Biometric systems put physiological characteristics into a digital form. They range from simple, relatively reliable and inexpensive digital fingerprinting, to retinal and iris scanning, to more complex systems that measure body temperature, scent, or gait. The technology seems to be evolving toward artificial intelligence, prosthetics, and virtual bodies. The increased reliance on proliferating body surveillance appears to go hand in hand with the contemporary preoccupation of governments and the private sector with assorted social interventions designed to alter statistical levels of birth, recidivism, death, incarceration, and so on.
Understanding these developments, however, can prove challenging for both analysts and engaged citizens seeking to learn about current and future surveillance technologies. To comprehend these technologies, we must understand the critical distinction between authentication and identification. Whereas identification is concerned with knowing who you are as a unique individual, an organization can authenticate an individual as, for example, a legitimate recipient of a service without actually knowing that person’s identity. As noted in a research report on biometrics released by the US National Research Council:
Authentication technologies are typically based on one of three things: something the individual knows, such as a password; something the individual has, such as a physical key or secure token; and something the individual is or does. Biometric technologies employ the last of these. Unlike password- or token-based systems, biometric systems can function without active input, user cooperation, or knowledge that the recognition is taking place.1
In other words, biometric technologies are designed not to replace other authentication systems but to augment them within an increasingly “data rich” security environment. The passive capture of information through biometric systems raises special concerns about their potential (un)reliability and about our varying ability or inability to protect or control the capture, sharing, and transfer of this personal information.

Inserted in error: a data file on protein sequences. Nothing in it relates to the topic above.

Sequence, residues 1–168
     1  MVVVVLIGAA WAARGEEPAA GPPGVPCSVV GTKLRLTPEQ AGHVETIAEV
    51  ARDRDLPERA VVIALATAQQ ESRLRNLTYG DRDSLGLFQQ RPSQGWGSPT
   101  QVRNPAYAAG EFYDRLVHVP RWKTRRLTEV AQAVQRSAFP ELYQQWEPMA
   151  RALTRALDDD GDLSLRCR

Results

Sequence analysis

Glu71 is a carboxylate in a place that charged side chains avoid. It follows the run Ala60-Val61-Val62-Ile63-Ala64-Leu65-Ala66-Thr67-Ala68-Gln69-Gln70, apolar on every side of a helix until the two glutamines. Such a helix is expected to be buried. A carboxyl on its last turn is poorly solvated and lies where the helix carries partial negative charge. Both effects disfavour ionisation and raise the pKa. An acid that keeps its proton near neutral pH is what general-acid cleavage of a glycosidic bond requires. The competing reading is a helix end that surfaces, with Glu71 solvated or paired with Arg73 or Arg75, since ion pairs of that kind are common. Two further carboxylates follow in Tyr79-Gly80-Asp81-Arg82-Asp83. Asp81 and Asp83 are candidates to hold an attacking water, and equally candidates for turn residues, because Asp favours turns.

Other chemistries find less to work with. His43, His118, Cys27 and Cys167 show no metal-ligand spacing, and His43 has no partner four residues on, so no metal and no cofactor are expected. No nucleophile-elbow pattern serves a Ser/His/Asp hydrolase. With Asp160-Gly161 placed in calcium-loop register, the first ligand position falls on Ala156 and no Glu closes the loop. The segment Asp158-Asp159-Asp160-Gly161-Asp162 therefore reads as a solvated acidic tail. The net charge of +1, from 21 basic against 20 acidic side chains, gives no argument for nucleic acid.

Limited only by the human imagination, body surveillance is emerging in a range of areas. At Canadian schools, for instance, children’s fingerprints are being used to facilitate cashless payment systems.2 The Calypso Waterpark near Ottawa uses fingerprinting for entrance payments, and several Canadian firms have installed, or are planning to install, a system designed to track employee hours, overtime, and tardiness through fingerprinting.3 At the Port of Halifax, the backs of port workers’ hands are scanned to manage port access.4 As with border-security strategies, these entail complex blends of private and public schemes. Together with alleged efficiency payoffs, the promise of enhanced security—often without much concrete evidence to support such claims—frequently seems reason enough for business owners, policy makers, and shareholders to embrace biometric surveillance.
What’s Wrong with Biometrics?
State policy makers and law enforcement agencies have generally supported these technologies of authentication, regardless of the relative dearth of sound qualitative and quantitative data that convincingly demonstrate their efficacy. In fact, reports have raised serious issues about the reliability and the high false-positive rates of biometrics: such false positives include situations where an individual has been incorrectly deemed risky or mistakenly placed on a watch list or no-fly list.5 These obviously disconcerting situations do not even address the broader socio-cultural and politico-economic implications of relying on these technologies, which often require more data- reliant systems of capture and preassessment.6 They also reflect an undue dependence on technical solutions in the absence of convincing research into the efficacy and broader impacts of their use.7
In her insightful analysis of biometrics, Shoshana Magnet concisely asserts, “Human bodies are not biometrifiable.”8 She goes on to discuss how, despite the enormous financial investment in biometric technologies, the human body is simply not static enough to make this form of identification reliable. This critique, heard within the humanities and social sciences for the past decade, is beginning to be echoed within the natural sciences. Both the 2012 National Research Council report Biometric Recognition and extensive research at the University of Notre Dame highlight problems posed by the dynamic quality of the physical characteristics that biometrics purport to identify, such as changes to the iris as people age.9 Questions have also been raised about the underlying science that converts physiology into algorithms. Put succinctly by the authors of the National Research Council report:
Users and developers of biometric systems should recognize and take into account the limitations and constraints of biometric systems—especially the probabilistic nature of the underlying science, the current limits of knowledge regarding human individual distinctiveness, and the numerous sources of uncertainty in biometric systems.10